The story of Achan’s sin (Joshua 7) is both sad and sobering. How could the people of Israel have fallen so quickly, after such an astounding victory over Jericho? The pathway that led Achan to sin (seen in verse 21) is the same pathway that Adam and Eve walked down back in Genesis: ‘I saw, I coveted, I took and I hid’. Sadly, we have all travelled this road to sin at some point ourselves, for we all have sinned and fallen short of the glory of God.

However, we do not always recognize the impact that our personal sin has on the body of believers to which we belong. Achan alone had sinned against God by stealing banned items from Jericho, yet God held the whole of Israel accountable for this sin. We are all susceptible to sin in one way or another, and our personal disobedience can have a negative effect on our entire community.

We must also recognise that yesterday’s victory is not an assurance of the same today. Following their victory at Jericho, the people of Israel went against Ai without inquiring of God first. They acted presumptuously, confident in their own ability, and 36 men died in battle as a result of this. Perhaps if they had stopped to inquire of the Lord first, He may have warned them not to attack whilst they were compromised by sin (as we see He did in Deuteronomy 1:42), and this discouraging defeat might have been avoided.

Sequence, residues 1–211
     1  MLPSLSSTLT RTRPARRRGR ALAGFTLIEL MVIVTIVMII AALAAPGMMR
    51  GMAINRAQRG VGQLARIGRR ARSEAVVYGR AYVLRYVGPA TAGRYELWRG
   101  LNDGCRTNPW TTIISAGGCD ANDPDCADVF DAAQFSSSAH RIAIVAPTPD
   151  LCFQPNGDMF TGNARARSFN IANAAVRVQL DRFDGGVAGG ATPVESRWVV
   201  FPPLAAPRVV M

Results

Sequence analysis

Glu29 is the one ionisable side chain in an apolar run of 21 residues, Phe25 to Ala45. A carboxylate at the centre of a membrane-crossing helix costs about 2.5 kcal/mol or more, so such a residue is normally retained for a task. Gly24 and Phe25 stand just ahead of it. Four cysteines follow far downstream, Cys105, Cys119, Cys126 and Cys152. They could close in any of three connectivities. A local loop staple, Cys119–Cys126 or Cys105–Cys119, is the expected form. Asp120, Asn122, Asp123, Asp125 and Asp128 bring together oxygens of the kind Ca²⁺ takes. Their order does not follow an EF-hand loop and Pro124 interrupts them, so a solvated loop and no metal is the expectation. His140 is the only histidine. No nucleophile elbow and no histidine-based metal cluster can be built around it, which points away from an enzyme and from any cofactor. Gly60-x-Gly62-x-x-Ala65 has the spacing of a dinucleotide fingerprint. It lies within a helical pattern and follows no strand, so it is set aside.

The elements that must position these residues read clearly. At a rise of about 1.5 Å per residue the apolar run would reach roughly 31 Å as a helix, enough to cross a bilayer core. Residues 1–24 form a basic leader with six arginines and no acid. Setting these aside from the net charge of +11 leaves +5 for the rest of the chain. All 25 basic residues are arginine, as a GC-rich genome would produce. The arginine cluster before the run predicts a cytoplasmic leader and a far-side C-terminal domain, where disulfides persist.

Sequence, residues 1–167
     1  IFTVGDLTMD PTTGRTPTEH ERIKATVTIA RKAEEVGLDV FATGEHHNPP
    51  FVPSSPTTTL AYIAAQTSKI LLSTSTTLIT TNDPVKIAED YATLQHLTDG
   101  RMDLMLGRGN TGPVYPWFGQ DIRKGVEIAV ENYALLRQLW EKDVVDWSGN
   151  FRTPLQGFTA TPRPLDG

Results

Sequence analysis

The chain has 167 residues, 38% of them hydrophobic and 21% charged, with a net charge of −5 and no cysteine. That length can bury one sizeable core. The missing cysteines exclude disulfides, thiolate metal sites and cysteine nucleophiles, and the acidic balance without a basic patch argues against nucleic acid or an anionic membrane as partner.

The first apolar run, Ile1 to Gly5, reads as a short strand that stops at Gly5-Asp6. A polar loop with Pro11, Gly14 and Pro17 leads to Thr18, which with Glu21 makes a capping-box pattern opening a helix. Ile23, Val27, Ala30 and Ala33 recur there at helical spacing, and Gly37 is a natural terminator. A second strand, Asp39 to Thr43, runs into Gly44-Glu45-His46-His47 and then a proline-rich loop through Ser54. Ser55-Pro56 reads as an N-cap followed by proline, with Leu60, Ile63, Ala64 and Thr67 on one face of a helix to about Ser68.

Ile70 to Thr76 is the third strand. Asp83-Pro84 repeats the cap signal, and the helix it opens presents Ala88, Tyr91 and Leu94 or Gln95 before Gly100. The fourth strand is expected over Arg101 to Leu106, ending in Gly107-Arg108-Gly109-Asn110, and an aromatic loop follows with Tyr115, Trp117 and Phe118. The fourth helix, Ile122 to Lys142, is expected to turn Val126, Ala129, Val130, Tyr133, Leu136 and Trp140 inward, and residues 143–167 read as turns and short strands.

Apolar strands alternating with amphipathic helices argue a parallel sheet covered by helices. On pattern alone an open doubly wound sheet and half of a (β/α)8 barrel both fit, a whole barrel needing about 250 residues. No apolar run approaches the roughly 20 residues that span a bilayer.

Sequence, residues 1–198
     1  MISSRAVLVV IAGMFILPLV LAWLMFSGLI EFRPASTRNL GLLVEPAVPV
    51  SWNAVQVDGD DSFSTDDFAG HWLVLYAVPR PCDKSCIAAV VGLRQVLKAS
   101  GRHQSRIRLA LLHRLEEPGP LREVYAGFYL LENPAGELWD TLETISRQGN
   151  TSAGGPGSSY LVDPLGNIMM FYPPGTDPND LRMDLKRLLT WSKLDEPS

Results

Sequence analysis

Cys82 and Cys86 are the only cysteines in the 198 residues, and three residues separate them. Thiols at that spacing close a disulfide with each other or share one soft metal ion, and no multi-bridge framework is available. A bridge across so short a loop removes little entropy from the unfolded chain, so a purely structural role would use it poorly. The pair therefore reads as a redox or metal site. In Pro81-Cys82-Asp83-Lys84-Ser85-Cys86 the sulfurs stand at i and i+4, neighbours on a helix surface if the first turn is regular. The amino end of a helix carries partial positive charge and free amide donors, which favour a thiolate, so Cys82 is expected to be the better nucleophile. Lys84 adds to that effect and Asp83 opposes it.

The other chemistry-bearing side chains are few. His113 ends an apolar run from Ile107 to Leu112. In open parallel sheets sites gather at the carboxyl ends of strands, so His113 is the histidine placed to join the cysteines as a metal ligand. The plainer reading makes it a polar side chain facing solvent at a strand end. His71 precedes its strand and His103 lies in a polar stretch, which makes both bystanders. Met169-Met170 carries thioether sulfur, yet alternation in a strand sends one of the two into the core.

Achan did not repent of his sin, and God did not deal with his sin lightly. Though we do not know how much time elapsed between him stealing the items and being exposed, there was a window of opportunity in which he could have repented and did not. Even when he was identified by sacred lot, he confessed his sin but did not actually repent. As a result, Achan and his entire family died and were buried in the Valley of Achor.

Sin has serious consequences, both personally and corporately. We cannot stand against our enemies when sin is hidden in our midst. However, we read in Romans 6:23 that although ‘the wage of sin is death, the free gift of God is eternal life in Christ Jesus our Lord’. Jesus has already taken upon Himself the punishment for all our sins. If we will repent and turn to Him, we receive the free gift of eternal life!

In Jesus, all things are made new; our ‘Valley of Achor’ (which literally means ‘valley of trouble’) becomes a door of hope (Hosea 2:15)! Let’s learn from Achan’s sin and acknowledge afresh today how dangerous our hidden sin truly is, that we might turn to Jesus in repentance, receiving His free gift of eternal life, and being able to stand firm against the enemy.

Prayer: Dear Heavenly Father, Thank You that You love us enough to convict and correct us when we fall into sin. Please send Your Holy Spirit today; to convict us personally of any sin we have hidden within us. We choose now to humble ourselves before You, acknowledging that our victory is in Christ alone, not in our own strength or ability. We ask You to cleanse us and fill us afresh with Your Holy Spirit, so that we can stand against the enemy and walk in victory, in You. In Jesus’ name, Amen.